Monday, July 03, 2006

Still updating: Fast & Vigil to Abolish the Death Penalty

The Annual Fast & Vigil to Abolish the Death Penalty is over, but we still have a few more updates to bring you. This installment comes from NCADP intern Matthew Rankin, who is a student at the University of North Carolina at Charlotte. Matthew, one of the latest additions to NCADP’s collection of abolitionist interns, is president of his campus fraternity, Gamma Lambda Chapter Phi Kappa Sigma.

In the abolitionist movement it can be easy to forget exactly what we are fighting for. Events like Starvin’ for Justice ‘06 put that into perspective for me. It reminded me exactly what we are fighting for: individuals. Our movement is not just a broad fight based on ideology but also a fight that if won will touch the lives of individual people across the country.

When I arrived at the steps of the U.S. Supreme Court to join the crowd of abolitionists, I was immediately welcomed by those who had enough energy to greet me. It was a very warm place and not just because of the sun; the hearts that stood at the vigil were filled with love.

As I walked around the event I could not stop myself from thinking, “this is why I am fighting the death penalty.” I also realized something else that day; that our fight is much bigger than just me or the organization that I work for. People like Bill Pelke, “Paul the Peace Walker,” Christine Lawson and many others helped me remember that our fight is not centered at the NCADP. Millions of people across the globe want to abolish the death penalty and if the NCADP is successful we will give a voice to those people.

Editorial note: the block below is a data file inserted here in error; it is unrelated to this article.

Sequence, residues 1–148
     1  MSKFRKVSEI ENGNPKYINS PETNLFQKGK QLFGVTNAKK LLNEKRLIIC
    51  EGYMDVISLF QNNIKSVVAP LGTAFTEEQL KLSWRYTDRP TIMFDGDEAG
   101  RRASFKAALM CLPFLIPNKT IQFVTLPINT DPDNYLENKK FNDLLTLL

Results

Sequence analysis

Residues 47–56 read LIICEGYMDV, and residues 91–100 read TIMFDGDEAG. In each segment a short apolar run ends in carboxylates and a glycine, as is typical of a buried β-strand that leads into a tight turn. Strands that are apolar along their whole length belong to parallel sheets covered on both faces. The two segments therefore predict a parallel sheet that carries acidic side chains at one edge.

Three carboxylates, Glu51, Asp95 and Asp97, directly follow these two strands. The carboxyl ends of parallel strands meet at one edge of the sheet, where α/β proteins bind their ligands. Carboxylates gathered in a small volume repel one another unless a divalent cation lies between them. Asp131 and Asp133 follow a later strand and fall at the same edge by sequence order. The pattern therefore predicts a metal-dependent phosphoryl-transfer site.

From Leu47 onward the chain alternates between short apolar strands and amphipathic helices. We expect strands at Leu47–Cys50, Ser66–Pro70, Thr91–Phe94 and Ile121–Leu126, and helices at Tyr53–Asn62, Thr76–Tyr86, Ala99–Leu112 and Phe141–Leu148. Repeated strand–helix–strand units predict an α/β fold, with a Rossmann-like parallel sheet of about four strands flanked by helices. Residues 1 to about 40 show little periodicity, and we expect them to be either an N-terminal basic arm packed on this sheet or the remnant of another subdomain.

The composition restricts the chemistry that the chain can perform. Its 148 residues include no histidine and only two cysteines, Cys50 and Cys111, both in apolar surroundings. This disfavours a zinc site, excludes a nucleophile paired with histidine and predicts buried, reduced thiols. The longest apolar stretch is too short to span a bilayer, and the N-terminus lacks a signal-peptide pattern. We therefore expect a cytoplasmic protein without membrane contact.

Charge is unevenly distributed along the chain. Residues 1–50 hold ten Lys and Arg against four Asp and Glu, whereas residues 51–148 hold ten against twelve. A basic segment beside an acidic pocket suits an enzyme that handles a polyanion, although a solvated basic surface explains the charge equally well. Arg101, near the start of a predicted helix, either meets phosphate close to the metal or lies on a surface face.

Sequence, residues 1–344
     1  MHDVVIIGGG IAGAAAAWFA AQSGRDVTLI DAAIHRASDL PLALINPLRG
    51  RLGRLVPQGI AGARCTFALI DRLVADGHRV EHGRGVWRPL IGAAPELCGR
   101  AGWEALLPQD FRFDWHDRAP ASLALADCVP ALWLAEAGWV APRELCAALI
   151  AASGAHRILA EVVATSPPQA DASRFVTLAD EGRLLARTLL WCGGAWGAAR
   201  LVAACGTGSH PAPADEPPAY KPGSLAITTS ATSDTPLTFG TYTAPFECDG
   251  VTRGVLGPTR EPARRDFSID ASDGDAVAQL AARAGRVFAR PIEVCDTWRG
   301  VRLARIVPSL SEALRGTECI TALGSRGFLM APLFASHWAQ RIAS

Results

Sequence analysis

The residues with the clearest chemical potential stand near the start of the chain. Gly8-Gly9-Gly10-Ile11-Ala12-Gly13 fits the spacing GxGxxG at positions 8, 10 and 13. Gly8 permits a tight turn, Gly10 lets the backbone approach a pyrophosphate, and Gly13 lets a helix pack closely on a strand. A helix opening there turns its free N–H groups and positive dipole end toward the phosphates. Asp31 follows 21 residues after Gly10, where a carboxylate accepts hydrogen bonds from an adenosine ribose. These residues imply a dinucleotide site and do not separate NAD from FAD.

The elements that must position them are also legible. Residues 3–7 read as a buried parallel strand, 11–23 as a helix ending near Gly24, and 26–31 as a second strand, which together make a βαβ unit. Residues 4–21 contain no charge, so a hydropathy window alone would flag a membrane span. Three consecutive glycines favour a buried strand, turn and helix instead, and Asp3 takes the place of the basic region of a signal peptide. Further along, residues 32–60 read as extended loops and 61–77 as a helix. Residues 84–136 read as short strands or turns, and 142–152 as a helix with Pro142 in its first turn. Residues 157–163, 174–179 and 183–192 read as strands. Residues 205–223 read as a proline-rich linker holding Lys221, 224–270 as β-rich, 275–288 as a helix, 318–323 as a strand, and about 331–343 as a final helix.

As I began distributing literature to passers-by, I was reminded that not everyone wants to abolish capital punishment, which I can accept. What I can not accept is those who are not educated on the subject. People in our country cannot continue to support the death penalty without knowing the facts. Support for the death penalty, unfortunately, all too often is rooted in ignorance. It is this ignorance that we must fight.

Starvin’ for Justice ‘06 was a powerful experience for me and I was only out there a couple of hours. I have nothing but respect and love for the people who gathered below the steps of the Supreme Court to make their voices heard.

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